Just make stock, which is a good thing, and enjoy.

Rant over.
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Re: Bone Broth: state of the trend

by Jenise » Fri Jan 05, 2018 4:03 pm

Best I understand, the point isn't so much an extended cook as it is a higher temp cook to boil the proteins out of the bones, yielding at least twice what would be in a typical stock. But yeah, it's another fad. One that's obviously going over well in my tiny part of the world, but still.

Btw, I know my friend Gabriel is also making some medicinal quality broths. I guess there are people with intolerances--I'm trying to remember to what and I don't, but maybe it's onion/garlic family stuff--and even the slightest amount can just about level them. It's not an allergy per se, IIRC, but something that systemically discombuberates something else and causes great physical hardship, and this condition is hard to feed and treat. So some local doctors are buying refrigerators in which to store this particular type of ____-free broth to resell or give to patients to introduce them to a healthy alternative because nothing else in the market place is ____-free.
My wine shopping and I have never had a problem. Just a perpetual race between the bankruptcy court and Hell.--Rogov
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Re: Bone Broth: state of the trend

by Paul Winalski » Mon Jan 08, 2018 5:42 pm

Bone broth is one of the traditional Chinese broth-making techniques, in addition to conventional broth (using meat and bones) and consomme (conventional broth clarified using a protein puree or egg whites). You wouldn't expect the Chinese to discard bones without extracting some more nourishment from them, would you? Yes, Chinese bone broth is cloudy, and it isn't something you'd find served at a fancy banquet.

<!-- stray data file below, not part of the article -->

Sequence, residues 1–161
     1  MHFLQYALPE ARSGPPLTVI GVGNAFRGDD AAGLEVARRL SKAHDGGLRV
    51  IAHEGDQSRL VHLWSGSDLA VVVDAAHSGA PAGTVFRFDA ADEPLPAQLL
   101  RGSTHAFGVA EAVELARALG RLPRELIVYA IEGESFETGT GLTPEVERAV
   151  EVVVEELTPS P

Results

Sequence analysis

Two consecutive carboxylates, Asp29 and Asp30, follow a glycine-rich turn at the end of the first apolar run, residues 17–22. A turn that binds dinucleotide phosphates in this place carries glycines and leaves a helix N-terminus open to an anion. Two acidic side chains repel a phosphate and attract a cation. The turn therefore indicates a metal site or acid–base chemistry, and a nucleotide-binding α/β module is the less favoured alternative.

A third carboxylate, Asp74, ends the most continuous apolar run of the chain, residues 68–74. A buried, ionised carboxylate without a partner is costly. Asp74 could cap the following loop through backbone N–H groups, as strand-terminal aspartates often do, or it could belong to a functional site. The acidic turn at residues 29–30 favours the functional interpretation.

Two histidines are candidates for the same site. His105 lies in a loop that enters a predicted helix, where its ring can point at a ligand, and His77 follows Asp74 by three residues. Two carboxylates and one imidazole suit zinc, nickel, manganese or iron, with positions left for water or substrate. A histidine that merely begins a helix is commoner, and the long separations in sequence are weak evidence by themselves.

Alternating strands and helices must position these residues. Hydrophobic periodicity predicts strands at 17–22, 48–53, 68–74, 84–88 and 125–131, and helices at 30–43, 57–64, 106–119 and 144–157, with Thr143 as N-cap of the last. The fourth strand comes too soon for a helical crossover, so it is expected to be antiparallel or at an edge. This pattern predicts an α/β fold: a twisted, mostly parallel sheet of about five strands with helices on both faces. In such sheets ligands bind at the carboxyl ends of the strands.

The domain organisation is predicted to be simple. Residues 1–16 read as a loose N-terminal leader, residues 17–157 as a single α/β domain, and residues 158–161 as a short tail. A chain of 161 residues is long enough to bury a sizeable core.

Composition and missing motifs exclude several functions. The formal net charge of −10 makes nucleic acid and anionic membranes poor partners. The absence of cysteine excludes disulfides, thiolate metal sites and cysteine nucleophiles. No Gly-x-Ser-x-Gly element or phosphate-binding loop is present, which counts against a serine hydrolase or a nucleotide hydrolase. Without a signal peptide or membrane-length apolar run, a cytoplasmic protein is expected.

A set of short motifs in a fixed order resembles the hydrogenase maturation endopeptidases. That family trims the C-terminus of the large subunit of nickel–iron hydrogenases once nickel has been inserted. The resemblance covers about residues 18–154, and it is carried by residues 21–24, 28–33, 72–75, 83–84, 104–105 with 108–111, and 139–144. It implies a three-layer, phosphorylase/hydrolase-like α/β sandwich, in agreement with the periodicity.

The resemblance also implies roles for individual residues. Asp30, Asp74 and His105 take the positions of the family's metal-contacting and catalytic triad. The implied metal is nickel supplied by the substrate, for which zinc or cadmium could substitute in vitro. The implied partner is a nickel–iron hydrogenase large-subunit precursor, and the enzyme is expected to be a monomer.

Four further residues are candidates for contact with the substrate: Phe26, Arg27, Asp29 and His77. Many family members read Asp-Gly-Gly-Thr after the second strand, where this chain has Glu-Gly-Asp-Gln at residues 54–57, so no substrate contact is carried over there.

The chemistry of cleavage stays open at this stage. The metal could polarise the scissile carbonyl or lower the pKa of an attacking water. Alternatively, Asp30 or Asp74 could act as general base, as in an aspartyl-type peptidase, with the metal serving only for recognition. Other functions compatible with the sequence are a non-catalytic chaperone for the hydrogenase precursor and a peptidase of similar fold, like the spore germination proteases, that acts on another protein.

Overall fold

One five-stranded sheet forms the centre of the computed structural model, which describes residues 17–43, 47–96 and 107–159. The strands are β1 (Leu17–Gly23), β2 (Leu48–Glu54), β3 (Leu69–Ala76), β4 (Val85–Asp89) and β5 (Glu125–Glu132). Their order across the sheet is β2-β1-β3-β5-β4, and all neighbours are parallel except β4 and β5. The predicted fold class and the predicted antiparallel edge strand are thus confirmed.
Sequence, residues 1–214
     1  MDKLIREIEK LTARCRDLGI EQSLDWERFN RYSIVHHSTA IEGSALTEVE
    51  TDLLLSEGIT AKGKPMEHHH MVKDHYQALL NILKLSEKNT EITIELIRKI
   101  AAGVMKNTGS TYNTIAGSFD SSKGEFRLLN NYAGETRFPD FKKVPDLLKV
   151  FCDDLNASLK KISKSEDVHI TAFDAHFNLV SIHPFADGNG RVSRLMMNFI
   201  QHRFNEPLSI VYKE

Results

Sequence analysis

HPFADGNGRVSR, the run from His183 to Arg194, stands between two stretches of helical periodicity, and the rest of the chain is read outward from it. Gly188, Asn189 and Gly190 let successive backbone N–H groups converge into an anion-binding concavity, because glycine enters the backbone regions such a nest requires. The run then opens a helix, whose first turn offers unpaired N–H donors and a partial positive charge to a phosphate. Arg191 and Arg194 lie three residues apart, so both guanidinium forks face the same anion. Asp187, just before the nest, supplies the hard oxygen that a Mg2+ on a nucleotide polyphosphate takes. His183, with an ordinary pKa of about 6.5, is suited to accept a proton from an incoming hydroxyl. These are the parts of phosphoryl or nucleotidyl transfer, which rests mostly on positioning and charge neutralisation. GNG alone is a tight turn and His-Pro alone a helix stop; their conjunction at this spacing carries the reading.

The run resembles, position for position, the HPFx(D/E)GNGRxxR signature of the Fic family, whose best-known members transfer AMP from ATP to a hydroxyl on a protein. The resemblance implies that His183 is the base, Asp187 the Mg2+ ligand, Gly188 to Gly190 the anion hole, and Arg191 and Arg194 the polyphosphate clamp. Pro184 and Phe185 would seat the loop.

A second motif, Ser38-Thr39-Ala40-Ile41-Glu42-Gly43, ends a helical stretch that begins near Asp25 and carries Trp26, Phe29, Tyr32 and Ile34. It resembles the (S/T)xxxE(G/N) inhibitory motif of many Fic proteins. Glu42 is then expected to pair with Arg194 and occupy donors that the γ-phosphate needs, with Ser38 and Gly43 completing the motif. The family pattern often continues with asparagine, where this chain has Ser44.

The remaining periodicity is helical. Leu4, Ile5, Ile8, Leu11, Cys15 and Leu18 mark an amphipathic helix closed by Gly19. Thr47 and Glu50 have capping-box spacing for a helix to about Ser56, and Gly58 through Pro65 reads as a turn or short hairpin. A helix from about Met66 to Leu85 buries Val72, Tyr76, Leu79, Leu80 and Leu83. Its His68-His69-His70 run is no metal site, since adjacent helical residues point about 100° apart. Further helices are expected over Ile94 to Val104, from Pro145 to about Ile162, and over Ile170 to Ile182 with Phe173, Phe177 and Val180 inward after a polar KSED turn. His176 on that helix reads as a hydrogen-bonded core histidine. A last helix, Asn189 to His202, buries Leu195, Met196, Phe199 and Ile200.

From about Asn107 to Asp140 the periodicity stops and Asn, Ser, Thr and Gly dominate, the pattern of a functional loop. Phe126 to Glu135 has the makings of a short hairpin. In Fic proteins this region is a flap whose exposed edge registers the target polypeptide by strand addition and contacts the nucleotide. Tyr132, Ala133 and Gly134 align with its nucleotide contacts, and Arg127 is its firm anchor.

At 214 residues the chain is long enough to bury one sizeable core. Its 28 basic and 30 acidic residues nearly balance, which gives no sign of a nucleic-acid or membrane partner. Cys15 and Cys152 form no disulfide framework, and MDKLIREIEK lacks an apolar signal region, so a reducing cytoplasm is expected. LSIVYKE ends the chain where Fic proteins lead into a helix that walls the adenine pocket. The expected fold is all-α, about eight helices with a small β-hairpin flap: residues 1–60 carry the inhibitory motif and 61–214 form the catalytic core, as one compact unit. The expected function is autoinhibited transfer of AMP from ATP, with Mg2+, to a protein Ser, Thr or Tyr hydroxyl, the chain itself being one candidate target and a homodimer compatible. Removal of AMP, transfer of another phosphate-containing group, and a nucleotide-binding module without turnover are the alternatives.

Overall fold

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Re: Bone Broth: state of the trend

by Jim Cassidy » Mon Jan 08, 2018 6:08 pm

Jenise said:

Best I understand, the point isn't so much an extended cook as it is a higher temp cook to boil the proteins out of the bones, yielding at least twice what would be in a typical stock.


I don't think this is accurate. My understanding of "simmer" is "just barely boiling," which is the same temperature as a raging boil. The only way to get a higher temp from either simmering or boiling like hell is to add pressure, as in a pressure cooker. Turning up the heat on a simmering pot of water increases the rate at which the water undergoes the phase change from liquid to gas, without making the liquid hotter.
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Re: Bone Broth: state of the trend

by Jenise » Mon Jan 08, 2018 9:53 pm

Jim, I'm not a scientist, just a keen observer of what happens in my kitchen. And every now and then I accidentally leave the fire on a stock too high and by the time I realize what I've done, it's too late. My stock, which otherwise would have been relatively clear, is now cloudy from the proteins released by the sustained high heat and aggressive cook.
My wine shopping and I have never had a problem. Just a perpetual race between the bankruptcy court and Hell.--Rogov
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Re: Bone Broth: state of the trend

by Jeff Grossman » Mon Jan 08, 2018 11:19 pm

I saw a tetra-pak of commercially-made bone broth in a store today. I hadn't even heard of this food, other than as a Blue Plate Special at some Korean restaurants, until now. And here it is, shelf-stable and ready to go! :shock: